After a friend's robbery, a reader asks: What's the deal with renter's insurance?
In our new financial advice column for the centsless, Michael Fleck fields your questions on how to get your money right. Send your queries to firstname.lastname@example.org.
A burglar recently broke into the home of a friend of mine while he and his roommates were sleeping. Only a few items were taken—a 37’’ TV, a lamp, and a pair of earrings. Several days later, the police recovered the TV and the lamp; unfortunately, the earrings were never seen again. My friend said that because the bigger-ticket items were returned, she probably wouldn’t even bother filing a claim on her renter’s insurance. I don’t even have renter’s insurance, so all I could offer was a cordial nod and a “yeah, that makes sense.” But now I wonder—is renter’s insurance something I should have? How does it work if your house gets robbed? I don’t really own any super-valuable items, so it seems like renter’s insurance is pointless.
In the immortal words of The Dude: That’s a bummer, man. First, let your friend know that it could have been worse, especially since they were upstairs when it happened! Things are just things, personal safety is #1. But I won’t lecture you about the steps they should take to secure their home. How can I do that when I have the scintillating topic of renter’s insurance dangling in front of me?
To my mind, renter’s insurance is a necessity for all renters, and not just because of all that cool stuff you own, as we’ll see.
It should only cost you about $10 to $30 a month, and that’s typically payable all in one lump sum for the year ($120-$360), so you only have to spend it once, and you’re covered for 365 days. If that doesn’t convince you, think about how much it would cost to replace the 10 most expensive items you own. I’m guessing that $360 is looking a lot more palatable. If you’re counterargument is that you don’t live in a high-crime area, then I say think about fires, tornadoes, and other natural disasters that could happen to anyone. My apologies for bringing down the mood.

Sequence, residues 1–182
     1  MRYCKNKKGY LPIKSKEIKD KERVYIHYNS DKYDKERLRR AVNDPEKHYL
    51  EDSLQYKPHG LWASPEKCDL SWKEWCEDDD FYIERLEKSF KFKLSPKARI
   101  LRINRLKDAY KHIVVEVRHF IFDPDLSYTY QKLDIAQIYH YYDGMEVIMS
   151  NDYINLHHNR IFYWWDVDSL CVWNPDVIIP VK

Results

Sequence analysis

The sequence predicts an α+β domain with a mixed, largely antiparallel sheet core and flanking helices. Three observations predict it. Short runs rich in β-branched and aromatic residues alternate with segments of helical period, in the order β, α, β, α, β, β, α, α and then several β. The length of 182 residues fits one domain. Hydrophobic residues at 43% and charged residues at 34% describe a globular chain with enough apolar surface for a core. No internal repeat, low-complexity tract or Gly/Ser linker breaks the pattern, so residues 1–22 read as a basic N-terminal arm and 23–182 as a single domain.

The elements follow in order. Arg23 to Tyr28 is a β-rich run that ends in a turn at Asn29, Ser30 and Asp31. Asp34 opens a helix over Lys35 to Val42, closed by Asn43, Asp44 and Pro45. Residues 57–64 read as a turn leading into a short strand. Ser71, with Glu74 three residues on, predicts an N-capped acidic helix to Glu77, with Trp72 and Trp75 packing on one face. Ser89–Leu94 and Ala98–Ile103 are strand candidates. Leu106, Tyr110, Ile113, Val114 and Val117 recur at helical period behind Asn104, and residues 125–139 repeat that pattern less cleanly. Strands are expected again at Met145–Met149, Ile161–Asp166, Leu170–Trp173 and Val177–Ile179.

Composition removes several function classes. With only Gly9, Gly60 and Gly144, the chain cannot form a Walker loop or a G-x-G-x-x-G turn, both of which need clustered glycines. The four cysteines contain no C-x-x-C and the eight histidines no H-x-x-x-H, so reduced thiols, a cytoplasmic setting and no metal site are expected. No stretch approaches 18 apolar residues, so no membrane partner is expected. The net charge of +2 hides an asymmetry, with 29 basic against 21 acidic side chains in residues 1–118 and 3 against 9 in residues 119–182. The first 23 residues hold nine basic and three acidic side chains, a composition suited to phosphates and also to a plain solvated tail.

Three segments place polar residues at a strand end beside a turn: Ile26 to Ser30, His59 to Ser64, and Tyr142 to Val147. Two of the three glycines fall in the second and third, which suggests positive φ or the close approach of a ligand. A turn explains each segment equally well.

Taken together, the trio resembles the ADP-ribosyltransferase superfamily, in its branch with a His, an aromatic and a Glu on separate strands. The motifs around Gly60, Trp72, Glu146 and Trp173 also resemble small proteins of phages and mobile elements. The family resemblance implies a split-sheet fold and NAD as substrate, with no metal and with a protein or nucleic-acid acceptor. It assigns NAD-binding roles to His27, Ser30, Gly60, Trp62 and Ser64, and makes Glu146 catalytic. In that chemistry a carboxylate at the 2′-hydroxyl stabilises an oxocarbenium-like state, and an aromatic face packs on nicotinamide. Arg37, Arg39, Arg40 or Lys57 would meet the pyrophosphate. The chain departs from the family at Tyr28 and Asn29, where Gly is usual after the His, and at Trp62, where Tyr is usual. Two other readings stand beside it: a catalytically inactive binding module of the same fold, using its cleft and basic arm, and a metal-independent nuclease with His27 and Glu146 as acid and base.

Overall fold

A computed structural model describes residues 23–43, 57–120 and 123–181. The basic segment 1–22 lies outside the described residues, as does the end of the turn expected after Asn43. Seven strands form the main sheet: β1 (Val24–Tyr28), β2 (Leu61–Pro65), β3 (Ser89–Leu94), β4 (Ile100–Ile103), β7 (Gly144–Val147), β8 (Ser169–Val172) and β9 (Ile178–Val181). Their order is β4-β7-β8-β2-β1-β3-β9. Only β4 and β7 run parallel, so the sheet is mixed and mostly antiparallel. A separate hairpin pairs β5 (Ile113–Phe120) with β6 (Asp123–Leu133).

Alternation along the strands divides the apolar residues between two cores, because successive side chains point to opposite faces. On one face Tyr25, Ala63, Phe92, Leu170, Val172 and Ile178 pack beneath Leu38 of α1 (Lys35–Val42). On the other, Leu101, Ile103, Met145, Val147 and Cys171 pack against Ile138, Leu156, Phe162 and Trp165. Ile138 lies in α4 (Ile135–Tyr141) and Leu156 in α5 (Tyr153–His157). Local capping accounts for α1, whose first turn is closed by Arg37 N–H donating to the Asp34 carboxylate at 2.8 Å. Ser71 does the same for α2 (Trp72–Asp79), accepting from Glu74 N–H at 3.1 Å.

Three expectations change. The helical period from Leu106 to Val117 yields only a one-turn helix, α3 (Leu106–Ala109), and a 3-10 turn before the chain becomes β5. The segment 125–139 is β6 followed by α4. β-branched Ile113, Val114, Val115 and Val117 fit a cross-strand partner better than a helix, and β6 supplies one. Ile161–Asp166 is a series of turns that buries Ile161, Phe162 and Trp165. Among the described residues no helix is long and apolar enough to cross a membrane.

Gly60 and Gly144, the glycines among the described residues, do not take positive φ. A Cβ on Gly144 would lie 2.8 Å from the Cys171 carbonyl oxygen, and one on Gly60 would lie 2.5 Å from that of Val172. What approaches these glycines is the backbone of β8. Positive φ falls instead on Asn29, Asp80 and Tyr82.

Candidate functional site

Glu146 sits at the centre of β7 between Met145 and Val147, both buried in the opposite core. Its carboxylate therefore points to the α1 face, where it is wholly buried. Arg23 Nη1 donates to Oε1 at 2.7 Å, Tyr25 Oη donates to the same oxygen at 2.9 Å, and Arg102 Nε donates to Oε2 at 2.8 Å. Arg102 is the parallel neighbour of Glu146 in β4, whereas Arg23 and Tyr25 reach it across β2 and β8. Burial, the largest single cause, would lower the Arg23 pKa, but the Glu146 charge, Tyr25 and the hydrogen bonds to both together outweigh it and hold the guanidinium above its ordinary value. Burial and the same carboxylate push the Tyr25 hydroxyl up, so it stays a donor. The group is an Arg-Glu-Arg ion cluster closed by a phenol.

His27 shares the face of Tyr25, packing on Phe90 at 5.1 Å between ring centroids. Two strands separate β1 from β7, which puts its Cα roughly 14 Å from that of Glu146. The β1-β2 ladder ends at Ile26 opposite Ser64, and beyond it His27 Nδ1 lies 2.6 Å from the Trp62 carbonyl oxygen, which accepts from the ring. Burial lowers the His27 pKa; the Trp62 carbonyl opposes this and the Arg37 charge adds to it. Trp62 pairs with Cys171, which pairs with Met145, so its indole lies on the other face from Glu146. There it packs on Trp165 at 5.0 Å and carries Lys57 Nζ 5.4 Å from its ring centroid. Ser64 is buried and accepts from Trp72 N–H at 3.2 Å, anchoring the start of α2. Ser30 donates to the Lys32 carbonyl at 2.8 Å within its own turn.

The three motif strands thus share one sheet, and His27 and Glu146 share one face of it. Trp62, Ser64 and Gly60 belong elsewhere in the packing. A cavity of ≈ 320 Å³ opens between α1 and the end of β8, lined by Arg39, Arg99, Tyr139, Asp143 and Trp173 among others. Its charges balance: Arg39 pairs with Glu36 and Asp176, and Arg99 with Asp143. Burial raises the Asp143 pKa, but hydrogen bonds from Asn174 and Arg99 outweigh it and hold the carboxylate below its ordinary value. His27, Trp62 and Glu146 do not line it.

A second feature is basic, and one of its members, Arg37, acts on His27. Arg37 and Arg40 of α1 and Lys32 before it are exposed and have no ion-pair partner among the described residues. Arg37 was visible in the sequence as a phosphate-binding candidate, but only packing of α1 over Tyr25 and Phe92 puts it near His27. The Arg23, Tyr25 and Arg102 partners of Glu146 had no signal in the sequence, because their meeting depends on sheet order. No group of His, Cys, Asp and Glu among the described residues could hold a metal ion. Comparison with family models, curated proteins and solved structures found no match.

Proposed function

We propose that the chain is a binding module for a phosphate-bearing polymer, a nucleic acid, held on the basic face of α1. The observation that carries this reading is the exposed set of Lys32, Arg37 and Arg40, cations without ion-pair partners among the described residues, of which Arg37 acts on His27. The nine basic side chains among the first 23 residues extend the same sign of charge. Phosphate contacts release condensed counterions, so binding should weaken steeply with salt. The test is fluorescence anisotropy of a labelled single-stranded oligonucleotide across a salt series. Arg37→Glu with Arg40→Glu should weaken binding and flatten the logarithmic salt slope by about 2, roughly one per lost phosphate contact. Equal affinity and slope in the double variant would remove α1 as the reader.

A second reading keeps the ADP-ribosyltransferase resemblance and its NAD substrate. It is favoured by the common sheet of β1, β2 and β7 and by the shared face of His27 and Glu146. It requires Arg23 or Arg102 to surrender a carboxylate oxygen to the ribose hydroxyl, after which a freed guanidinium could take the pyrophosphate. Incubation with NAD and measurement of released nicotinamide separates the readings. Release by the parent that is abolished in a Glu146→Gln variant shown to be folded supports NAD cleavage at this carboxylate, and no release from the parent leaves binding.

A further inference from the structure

Now, let’s talk about your stuff. An interesting consideration when looking into renters insurance is Actual Cash Value versus Replacement Cost Value. This is a choice that you, the policy owner, get to make. ACV means that had your friend filed a claim on the purloined TV, the insurance company would only reimburse the depreciated value of the TV—if it was purchased three years ago, your friend isn’t not going to get the sticker price. With RCV, the insurance company will reimburse based on how much it would cost today to replace the TV with a current TV with similar specifications. For people who see things mathematically, RCV – Depreciation = ACV.
Because RCV will yield a higher payout, the annual premium will be higher than with ACV. But you know what’s worse than having your TV stolen? Having your TV stolen and then going 10 rounds with your insurance company over the depreciated, “actual” value of the TV. For me, it’s worth the extra you pay in premium, but that’s something you need to consider.
Now for the part I hope you never have to actually experience: You’ve been burgled, a freak earthquake hit, or golf ball-sized hail came crashing through your ceiling. It’s actually pretty easy to file a claim. Make a list of all the belonging that have been stolen or damaged. This part is actually easier if crime is involved, since you’ll most likely have to explain it all to the police anyway. Either way, figure out what was damaged and ballpark how much the damage cost. Don’t lie—insurance companies frown on that.